By Andrew Nusca
Posting in Design
Researchers from LSU and Ohio State are using supercomputers to map the impact of the Gulf of Mexico oil spill on fish species in the area.
Researchers from Louisiana State University and the Ohio State University are using supercomputers to map the extent of the Deepwater Horizon oil spill in the Gulf of Mexico and its impact on fish species in the area.
The goal? To establish a baseline for measuring and predicting the biological impact of the Deepwater Horizon oil spill.
Using systems at the Ohio Supercomputer Center, LSU ichthyologist Prosanta Chakrabarty and Ohio State biomedical informatics specialist Daniel Janies repurposed a computer application originally designed to track infectious diseases to collect to reinterpret data for oil, dispersants and fish -- including those at great depth.
With several applications under his belt to track the flu in real-time -- including those for H5N1 avian flu and H1N1 swine flu -- Janies and his team partnered with OSC staff to run code on the center's IBM Cluster 1350 Glenn system. (For the computer geeks out there, the system has 9,500 cores and 24 terabytes of memory.)
Interested? The real-time geographic information system is called DEPTHMAP, and it's publicly accessible online. With it, the researchers can see which species' habitats are affected by the spill over time.
That includes commercial favorites such as grouper, snapper and croaker. It also includes ecologically-important species such as batfish and sharks.
By collecting data at intervals, the researchers can reveal changing distributions, deaths, lost spawning seasons and year classes, and even extinctions.
Here's what they're looking for, and why:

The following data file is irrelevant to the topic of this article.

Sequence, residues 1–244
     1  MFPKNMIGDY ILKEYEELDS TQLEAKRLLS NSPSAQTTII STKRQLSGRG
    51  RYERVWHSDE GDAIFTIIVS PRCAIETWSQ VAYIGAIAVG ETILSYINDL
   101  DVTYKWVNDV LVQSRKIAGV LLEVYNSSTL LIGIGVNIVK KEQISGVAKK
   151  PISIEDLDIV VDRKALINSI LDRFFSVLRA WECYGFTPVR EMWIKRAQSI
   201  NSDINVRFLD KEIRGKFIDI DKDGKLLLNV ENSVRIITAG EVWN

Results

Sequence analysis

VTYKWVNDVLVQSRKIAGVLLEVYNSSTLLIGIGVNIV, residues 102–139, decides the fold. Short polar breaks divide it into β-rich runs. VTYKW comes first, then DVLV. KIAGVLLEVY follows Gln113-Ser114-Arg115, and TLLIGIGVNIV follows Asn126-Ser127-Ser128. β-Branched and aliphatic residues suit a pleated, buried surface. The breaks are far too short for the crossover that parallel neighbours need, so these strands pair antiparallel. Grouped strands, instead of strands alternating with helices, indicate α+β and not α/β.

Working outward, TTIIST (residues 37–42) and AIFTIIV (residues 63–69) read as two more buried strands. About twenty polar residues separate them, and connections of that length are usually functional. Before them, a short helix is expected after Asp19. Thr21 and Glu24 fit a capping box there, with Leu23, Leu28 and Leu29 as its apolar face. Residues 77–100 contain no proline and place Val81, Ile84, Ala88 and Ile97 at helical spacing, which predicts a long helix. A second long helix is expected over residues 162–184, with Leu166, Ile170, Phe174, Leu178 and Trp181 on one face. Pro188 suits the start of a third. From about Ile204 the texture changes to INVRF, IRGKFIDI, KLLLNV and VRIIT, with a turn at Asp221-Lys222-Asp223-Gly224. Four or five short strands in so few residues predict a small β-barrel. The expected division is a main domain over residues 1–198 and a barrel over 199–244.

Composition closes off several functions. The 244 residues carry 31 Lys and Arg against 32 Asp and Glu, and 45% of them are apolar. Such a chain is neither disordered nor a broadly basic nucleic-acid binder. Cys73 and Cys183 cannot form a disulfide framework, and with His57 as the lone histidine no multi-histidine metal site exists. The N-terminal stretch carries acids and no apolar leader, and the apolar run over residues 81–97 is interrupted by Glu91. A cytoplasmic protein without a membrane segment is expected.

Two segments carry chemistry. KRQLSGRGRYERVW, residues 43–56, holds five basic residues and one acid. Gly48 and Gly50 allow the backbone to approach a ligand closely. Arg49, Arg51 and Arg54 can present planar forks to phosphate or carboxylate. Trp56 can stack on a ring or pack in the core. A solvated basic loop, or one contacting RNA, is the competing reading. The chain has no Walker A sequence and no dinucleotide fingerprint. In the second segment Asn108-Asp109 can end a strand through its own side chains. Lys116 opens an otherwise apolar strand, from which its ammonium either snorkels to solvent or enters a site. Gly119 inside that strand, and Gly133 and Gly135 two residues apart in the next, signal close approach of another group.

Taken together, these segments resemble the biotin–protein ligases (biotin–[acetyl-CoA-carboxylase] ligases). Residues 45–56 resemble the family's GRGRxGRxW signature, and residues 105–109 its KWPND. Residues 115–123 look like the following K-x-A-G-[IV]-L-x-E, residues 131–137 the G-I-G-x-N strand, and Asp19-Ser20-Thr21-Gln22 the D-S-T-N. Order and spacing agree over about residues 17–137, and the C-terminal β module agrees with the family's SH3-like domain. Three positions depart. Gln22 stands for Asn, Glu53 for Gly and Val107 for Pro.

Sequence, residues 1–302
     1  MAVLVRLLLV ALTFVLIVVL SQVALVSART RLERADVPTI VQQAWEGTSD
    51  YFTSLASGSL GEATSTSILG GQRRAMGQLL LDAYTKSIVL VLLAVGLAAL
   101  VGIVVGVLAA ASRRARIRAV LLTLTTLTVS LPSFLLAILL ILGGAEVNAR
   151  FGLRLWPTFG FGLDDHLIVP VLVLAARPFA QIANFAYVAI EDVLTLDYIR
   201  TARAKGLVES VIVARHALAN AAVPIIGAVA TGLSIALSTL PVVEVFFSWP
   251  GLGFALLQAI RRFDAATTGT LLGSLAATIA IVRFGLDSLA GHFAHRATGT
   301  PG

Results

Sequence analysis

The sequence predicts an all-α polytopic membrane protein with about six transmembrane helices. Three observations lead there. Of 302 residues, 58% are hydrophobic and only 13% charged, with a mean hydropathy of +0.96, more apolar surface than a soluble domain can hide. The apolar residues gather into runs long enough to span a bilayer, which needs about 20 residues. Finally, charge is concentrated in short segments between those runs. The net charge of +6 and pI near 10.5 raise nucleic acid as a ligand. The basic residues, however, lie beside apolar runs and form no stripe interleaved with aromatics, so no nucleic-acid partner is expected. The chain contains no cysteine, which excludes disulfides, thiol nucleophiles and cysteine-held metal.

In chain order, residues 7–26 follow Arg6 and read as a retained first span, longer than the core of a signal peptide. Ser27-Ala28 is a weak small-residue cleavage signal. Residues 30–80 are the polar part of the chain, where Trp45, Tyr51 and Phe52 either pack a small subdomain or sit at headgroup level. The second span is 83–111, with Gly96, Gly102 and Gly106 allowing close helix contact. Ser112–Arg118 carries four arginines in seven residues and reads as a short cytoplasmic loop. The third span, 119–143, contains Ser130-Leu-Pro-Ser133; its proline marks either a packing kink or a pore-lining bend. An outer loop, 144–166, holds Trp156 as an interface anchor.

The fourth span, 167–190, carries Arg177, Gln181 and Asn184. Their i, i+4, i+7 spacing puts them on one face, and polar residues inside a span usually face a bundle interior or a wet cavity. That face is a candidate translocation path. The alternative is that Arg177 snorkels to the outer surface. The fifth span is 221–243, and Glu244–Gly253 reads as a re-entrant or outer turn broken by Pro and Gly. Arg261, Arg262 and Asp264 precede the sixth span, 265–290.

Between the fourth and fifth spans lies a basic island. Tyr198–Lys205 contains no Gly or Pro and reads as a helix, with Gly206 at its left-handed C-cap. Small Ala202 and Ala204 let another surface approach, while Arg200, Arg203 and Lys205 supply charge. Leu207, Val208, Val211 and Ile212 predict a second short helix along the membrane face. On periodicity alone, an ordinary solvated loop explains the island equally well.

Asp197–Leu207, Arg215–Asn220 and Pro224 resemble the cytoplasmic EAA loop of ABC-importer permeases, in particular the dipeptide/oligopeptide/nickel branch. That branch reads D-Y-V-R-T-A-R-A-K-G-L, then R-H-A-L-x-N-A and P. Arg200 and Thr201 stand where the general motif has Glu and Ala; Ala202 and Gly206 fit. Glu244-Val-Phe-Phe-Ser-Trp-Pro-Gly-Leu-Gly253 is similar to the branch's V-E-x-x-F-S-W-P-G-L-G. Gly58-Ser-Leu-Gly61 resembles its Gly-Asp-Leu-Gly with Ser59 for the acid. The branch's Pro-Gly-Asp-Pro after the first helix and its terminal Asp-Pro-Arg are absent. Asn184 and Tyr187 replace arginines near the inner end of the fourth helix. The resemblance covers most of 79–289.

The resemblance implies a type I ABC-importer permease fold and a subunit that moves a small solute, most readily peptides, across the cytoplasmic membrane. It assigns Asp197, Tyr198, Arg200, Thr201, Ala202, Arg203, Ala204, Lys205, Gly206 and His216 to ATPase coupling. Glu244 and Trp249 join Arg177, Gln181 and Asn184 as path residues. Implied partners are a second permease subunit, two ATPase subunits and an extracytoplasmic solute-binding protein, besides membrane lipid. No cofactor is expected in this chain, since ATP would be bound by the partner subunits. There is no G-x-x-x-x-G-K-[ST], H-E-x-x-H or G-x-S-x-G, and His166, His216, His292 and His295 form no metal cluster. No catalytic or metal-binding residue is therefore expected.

- How the expanding spill will affect migrating and spawning organisms that travel through the Gulf. This helps wildlife officials better manage these situations in the future.
- Which species migrating at great depths will be most severely impacted by concentrated plumes of sub-surface oil and dispersant. Example: pancake batfish that feed on chemical-covered plankton.
- The interaction between important fisheries and non-commercial and commercial fishes in sites of subsurface oil plumes.
- How the plumes might affect the life-history stages of different fish species.
Their work is one part of a larger effort by universities and federal agencies (NASA, NOAA, USGS) to track the spill.
"Without historical baseline data like that we are mapping, future faunal surveys will not illustrate the impact of this deep-water oil spill," Janies said in a statement. "We will make the maps and underlying informatics tools we develop available to a wide community of users via the web, such that other resource managers and researchers can leverage our efforts for a wide variety of species of interest."
Photo: Florida Grouper (Paul Cizek/Flickr)
Aug 26, 2010
This written piece gives fastidious understanding yet. http://www.topfishoilbenefits.com/
Are they including the human species in the study? If you take all the politics and special interests out of the equation, these chemicals will circle the globe. Anything foreign to our bodies including pharmaceuticals are a toxin and our body attacks it. We have all of these auto immune diseases of unknown origin when the bottom line is toxicity. President Obama has stated health costs would bankrupt the US Government and the domino effect of the oil and dispersments is more health costs. Pregnant mom's have vulnerable babies and they aren't working in industry to consume these toxins. There was a study where they collected blood from umbilical cords to see if the cord was a shield between the mom and the fetus. They found chemicals in all of the umbilical cords and babies had banned pesticides, mercury, emissions, etc inside them before they took their first breath. The toxicity ratio was 100% and my health professionals said it predisposed them to cancer from conception. Dispersing the oil with toxic chemicals compounds the problems for eco systems and we live because of them. Toxins in the body produce an inflammatory response that doctors can't see, we need to discuss in include liability to human health in BP costs. If you go to http://www.thermoguy.com and scroll down to the picture of the fetus where you can link to the study on polluted newborns.
How can they establish a baseline now, four months after 200 million gallons of oil and 2 million gallons of dispersants permeate the waters?